News

Economic, Security Issues Top N. American Summit

U.S. President George W. Bush, Mexican President Felipe Calderon and Prime Minister Stephen Harper of Canada conclude their summit talks Tuesday at a Canadian resort. VOA White House Correspondent Paula Wolfson reports they are focusing on economic and security issues.

They are looking for ways to make the North American Free Trade Agreement more efficient by facilitating the flow of goods and services across safe borders.

It is a matter of extreme economic importance. Canada is the United States biggest trading partner, and Mexico is not far behind. Energy exports - primarily oil - are paramount.

Regional experts, such as David Biette, say the stakes are high.

"It is important that we be able to get the things that we need as Americans in our stores and for our businesses easily and without a lot of worry that they are going to get stuck at the border," said David Biette.

Biette is the Director of the Canada Institute at Washington's Woodrow Wilson Center for International Scholars. He says the three leaders have to increase border security without creating obstacles to trade.

"It is working together, assessing risk and keeping the bad guys out and keeping good stuff going," he said. "And that works on the Canada-US border as well as the Mexico-US border. There is a lot of work to do there."

The White House says no major announcements are expected to emerge from this North America summit. U.S. officials say the goal is to give the three leaders an opportunity to reaffirm their commitment to a prosperous and secure hemisphere.

They will do so under the auspices of the Security and Prosperity Partnership, or SPP, an initiative begun in 2005. Opponents on the left say the whole idea is merely a way to put more money in the pockets of big business, while those on the right fear it would lead to a European Union-style super-government in North America.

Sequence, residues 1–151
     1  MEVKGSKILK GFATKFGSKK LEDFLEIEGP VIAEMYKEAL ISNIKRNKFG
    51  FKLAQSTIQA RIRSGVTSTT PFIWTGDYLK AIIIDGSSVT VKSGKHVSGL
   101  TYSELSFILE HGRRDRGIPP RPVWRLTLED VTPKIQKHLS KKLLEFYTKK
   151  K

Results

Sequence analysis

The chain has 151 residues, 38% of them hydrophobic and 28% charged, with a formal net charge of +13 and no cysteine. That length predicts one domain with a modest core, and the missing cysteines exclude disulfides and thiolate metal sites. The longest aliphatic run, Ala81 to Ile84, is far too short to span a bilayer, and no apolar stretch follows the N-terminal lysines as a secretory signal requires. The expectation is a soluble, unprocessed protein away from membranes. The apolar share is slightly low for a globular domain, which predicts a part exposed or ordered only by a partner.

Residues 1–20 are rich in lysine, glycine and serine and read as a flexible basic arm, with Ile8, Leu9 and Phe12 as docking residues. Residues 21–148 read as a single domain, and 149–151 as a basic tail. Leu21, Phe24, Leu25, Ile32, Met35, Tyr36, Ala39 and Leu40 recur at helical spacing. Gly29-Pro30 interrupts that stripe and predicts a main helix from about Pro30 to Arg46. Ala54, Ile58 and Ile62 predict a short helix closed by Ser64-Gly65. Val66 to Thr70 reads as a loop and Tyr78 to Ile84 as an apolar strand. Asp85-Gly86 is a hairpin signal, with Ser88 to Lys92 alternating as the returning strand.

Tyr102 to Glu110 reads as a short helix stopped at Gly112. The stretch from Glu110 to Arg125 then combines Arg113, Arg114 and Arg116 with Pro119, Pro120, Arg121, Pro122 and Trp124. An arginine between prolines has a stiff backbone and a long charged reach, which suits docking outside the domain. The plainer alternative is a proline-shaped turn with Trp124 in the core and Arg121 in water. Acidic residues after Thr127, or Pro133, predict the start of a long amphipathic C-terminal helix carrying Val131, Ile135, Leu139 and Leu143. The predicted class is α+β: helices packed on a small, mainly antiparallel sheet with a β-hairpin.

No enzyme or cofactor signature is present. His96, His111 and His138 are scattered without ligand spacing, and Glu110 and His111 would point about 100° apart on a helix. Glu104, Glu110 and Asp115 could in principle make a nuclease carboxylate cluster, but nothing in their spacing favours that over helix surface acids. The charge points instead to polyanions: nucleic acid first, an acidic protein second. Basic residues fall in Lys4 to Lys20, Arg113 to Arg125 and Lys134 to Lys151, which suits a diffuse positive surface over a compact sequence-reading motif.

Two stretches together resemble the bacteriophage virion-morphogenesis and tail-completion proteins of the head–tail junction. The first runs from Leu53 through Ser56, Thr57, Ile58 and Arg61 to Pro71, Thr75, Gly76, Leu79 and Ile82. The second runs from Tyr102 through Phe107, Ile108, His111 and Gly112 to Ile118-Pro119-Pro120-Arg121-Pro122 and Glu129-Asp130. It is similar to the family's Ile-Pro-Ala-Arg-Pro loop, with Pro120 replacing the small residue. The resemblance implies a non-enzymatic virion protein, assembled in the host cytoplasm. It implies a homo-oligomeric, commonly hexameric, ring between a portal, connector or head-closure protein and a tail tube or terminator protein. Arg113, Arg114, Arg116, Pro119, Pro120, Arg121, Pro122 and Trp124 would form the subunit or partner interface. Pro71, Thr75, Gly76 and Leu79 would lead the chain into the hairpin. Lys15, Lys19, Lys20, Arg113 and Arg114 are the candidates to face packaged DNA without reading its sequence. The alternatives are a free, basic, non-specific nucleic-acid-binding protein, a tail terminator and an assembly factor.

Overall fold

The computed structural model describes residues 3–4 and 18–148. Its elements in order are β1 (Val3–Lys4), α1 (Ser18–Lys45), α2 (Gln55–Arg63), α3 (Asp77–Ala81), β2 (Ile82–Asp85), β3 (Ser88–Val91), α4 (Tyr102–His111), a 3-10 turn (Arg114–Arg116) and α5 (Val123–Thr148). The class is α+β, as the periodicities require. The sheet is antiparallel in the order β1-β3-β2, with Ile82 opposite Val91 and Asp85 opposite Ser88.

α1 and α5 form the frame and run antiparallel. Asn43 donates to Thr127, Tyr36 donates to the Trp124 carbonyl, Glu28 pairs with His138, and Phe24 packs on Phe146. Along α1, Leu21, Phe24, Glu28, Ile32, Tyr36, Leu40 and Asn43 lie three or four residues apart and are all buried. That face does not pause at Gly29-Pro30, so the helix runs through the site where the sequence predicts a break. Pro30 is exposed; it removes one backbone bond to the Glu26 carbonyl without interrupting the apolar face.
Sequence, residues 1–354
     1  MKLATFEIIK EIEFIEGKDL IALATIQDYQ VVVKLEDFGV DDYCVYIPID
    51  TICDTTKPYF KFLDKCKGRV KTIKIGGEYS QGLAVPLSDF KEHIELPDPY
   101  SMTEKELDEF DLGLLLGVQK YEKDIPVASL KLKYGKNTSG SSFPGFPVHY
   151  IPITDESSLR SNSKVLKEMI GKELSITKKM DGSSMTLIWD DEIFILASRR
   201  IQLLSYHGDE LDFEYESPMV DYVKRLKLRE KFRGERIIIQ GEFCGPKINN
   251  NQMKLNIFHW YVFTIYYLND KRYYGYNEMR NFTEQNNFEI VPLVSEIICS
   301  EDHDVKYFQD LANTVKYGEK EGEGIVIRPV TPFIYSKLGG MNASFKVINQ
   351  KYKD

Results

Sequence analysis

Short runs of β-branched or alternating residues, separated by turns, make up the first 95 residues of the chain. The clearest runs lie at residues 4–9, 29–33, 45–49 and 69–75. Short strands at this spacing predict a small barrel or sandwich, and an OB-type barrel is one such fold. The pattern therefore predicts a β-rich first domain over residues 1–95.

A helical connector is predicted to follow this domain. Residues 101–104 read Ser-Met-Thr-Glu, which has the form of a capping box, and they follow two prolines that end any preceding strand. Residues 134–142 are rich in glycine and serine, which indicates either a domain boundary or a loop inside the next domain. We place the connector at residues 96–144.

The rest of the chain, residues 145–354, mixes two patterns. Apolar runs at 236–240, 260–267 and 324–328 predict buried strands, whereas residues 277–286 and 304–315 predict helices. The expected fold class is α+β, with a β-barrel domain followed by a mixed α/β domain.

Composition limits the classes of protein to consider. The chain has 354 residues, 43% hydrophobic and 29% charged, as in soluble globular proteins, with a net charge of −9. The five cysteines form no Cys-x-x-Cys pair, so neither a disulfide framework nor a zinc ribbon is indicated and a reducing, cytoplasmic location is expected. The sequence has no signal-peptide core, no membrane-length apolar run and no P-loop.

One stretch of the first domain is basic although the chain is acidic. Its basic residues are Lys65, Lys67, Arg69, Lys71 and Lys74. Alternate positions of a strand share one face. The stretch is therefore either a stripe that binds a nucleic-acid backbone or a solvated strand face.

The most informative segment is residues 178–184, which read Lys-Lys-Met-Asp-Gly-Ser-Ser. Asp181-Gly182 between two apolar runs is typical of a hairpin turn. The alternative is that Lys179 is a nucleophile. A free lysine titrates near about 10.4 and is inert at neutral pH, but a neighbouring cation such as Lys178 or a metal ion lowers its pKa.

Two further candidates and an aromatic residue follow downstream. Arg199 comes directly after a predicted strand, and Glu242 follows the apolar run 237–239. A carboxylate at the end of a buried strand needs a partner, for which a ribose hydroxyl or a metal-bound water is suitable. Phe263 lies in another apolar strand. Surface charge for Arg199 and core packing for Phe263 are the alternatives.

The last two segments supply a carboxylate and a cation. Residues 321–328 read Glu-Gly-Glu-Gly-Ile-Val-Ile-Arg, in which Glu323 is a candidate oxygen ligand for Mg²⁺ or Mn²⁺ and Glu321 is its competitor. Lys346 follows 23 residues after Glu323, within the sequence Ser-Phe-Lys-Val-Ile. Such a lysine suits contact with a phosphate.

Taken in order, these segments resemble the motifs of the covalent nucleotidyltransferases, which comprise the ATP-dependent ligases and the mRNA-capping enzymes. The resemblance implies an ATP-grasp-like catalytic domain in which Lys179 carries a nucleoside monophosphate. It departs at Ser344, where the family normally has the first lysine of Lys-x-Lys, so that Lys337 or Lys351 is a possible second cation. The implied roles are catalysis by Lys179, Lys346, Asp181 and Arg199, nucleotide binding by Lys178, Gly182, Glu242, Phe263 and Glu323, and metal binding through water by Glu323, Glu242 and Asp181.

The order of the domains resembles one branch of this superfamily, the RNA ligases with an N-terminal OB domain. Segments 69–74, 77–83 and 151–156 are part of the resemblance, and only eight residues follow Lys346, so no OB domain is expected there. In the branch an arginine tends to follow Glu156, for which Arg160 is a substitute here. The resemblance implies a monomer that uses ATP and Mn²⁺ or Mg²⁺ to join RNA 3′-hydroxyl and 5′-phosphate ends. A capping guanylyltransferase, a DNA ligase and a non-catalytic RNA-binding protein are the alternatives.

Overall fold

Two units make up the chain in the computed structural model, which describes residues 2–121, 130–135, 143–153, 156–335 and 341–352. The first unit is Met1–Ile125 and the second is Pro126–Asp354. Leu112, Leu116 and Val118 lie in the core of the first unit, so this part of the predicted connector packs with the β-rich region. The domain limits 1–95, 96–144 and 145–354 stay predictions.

Armand Perschard, head of the Mexico program at the Center for Strategic and International Studies in Washington, says they are playing to the fears of people in all three countries.

"I tend to see that there is a nationalistic segment of society in all three countries that tend to be the globo-phobes of the three societies," said Armand Perschard. "They tend to look at the SPP negatively in a sense because they see the deepening integration of North America as something that would be counter-productive and something that would be an encroachment on the sovereignty of the three nations."

Thousands of protesters have vowed to disrupt the summit. Three-meter-high fences were erected around the grounds of the luxury resort housing the talks to keep them away.

This forum has been closed.
Comments
     
There are no comments in this forum. Be first and add one

Featured Videos

Your JavaScript is turned off or you have an old version of Adobe's Flash Player. Get the latest Flash player.
Turkey's Main Opposition Party Hopes for Election Breakthroughi
X
May 22, 2015 10:23 AM
Turkey’s main opposition Republican People’s Party has sought an image change ahead of the June 7 general election. The move comes after suffering successive defeats at the hands of the Islamist-rooted AK Party, which has portrayed it as hostile to religion. Dorian Jones reports from the western city of Izmir.
Video

Video Turkey's Main Opposition Party Hopes for Election Breakthrough

Turkey’s main opposition Republican People’s Party has sought an image change ahead of the June 7 general election. The move comes after suffering successive defeats at the hands of the Islamist-rooted AK Party, which has portrayed it as hostile to religion. Dorian Jones reports from the western city of Izmir.